when is racism not racism?


I’m in an interesting argument over at John Barron’s Truth in Religion & Politics on a recent “pro-family” document signed by various republican politicians that suggests that black people were better off as slaves than as free people, because at least as slaves, they were in family groups.

So when are racist appearing statements not racist in intent and outcome?

My response is walks like a duck, talks like a duck so it is on the balance of probably, in fact a duck.

I have taken to evaluting issues and events on a meta-level – rather than look at the specific claims, to look to who is supporting the claims.

When the supporters are homogenous rather than diverse, chances are, no matter what the claim – discrimination and fear of those who are outsiders is what is driving the issue, claim or social movement.

When the support crosses socio-economic, ethnic and sexuality boundaries of groups, then the movement, issue or claim is simply more likely to have merit and honourable intentions – give the varied support.

By anything with homogenous support should trigger a deeper consideration and analysis – because if only one group is behind a thing, then it’s because it’s in their and only their interest – and often is the group attempting to force their preferences on everyone else.


Forbidden Words

I am referring to words that were once used by the mainstream to label and make lesser minority groups.

Words that the minority groups now use freely to describe themselves – a taking back the word and diffusing the power by making the word their own and forbidding it to the mainstream for continued use.

Partly because a person who is not part of the subject minority group, cannot be trusted to be using the word in the current descriptive or pride use rather than meaning it discriminatory and getting away with using said word under the cover of the re-claimation and refurbishing that the minority group has done to the word.

It’s an interesting experience to be a minority group member – lesbian – and be in a mainstream and diverse group without identifying yourself or being identified as a minority member and using a word – fag, dyke – and having people cringe and react as if you are being discriminatory and then, when you explain, hey, I am a dyke so I can use the word – to see the relief and relaxation creep in that the word used by a person in one moment is offensive, but after the group identification reveal, the work becomes descriptive.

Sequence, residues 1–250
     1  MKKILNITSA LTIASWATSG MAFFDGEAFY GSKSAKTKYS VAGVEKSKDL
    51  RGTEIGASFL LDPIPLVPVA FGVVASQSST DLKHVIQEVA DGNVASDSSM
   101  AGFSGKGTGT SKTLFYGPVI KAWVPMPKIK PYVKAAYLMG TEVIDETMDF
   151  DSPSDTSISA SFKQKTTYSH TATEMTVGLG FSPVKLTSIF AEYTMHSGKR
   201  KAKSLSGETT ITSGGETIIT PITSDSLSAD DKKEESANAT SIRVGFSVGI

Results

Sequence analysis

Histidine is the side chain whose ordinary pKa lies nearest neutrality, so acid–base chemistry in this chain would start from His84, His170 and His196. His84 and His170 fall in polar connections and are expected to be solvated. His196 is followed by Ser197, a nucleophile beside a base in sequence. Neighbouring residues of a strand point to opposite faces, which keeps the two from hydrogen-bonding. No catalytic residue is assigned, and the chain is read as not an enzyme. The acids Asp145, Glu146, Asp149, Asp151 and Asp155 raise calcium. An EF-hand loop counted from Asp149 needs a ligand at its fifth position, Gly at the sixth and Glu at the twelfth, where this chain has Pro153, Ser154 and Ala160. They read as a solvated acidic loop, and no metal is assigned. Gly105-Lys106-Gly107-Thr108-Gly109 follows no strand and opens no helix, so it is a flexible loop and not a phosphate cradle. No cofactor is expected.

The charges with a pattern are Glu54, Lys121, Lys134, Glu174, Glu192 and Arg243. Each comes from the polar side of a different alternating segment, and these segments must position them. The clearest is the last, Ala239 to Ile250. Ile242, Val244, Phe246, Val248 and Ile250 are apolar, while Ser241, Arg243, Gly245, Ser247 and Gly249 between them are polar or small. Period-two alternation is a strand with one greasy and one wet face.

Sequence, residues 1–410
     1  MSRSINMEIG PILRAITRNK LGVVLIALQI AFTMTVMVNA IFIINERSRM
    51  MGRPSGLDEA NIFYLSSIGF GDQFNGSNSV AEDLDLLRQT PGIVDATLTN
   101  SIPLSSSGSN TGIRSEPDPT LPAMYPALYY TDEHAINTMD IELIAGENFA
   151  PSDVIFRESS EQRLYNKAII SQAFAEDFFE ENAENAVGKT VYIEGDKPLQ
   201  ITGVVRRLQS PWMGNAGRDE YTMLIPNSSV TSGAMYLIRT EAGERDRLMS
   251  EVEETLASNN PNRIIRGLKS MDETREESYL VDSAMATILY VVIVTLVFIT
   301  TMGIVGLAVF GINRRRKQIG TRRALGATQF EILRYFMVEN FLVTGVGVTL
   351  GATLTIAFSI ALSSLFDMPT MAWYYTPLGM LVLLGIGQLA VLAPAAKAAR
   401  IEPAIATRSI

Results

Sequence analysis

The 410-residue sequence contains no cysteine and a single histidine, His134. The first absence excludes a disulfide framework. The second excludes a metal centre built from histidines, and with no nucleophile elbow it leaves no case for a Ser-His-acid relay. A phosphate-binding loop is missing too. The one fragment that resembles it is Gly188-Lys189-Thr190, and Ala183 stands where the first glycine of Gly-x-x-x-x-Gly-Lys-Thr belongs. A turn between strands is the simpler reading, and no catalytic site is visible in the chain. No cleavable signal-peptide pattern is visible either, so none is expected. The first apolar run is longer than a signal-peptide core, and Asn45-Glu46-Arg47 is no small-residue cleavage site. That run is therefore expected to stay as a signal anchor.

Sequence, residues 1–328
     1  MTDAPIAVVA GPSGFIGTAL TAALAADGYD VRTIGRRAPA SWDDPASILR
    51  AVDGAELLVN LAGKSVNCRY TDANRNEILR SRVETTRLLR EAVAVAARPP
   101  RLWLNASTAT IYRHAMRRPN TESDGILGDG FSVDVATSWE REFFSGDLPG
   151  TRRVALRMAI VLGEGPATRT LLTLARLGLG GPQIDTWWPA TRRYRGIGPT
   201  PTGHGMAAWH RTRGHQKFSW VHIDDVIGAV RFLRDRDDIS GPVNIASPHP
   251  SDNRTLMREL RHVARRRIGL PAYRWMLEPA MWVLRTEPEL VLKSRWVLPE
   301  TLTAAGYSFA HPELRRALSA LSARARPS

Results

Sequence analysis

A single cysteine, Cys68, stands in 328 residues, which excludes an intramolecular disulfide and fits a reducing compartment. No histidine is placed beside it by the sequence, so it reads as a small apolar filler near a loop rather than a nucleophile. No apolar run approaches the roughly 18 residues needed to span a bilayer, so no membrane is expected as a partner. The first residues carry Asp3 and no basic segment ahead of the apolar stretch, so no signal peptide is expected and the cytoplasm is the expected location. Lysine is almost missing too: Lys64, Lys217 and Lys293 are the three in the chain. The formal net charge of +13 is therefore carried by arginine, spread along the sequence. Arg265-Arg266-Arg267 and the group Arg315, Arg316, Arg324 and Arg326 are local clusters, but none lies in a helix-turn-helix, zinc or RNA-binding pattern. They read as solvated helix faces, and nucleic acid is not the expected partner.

Never mind that none of the people I spoke to could had any proof that I was a lesbian, other than my word – so it is curious that by using the words fag and dyke, and causing them distress and offense – that they would then accept my claim of being a lesbian and standing down from their offense.

Shouldn’t a person who behaves in a manner deemed offensive perhaps not be so quickly forgive or relieved from being in the hot spot solely on their word of honor that the term was used derogatorily against them?

I have to wonder, are we reclaiming words in order to give this emotional discomfort payback? Our small pound of flesh for having been subjected to the derogatory language?

How do we move on from being a discriminated against minority to just being part of the broader society if we re-purpose words from being slurs into pride terminology – why real pride is there in calling ourselves in affirmation what we were once called in hatred?

It seems more like slamming yourself before the other person gets to and I think it continues to assign us a lower than status.

I have begun to prefer Sapphist to lesbian, dyke or any other word used to denote women who love women – it comes from the pet Sappho and is a source of strength and pride, uncompromised or sullied by hatred and discrimination.

It is not better to define ourselves by our own history and identity than that which was forced in negatively upon us by others?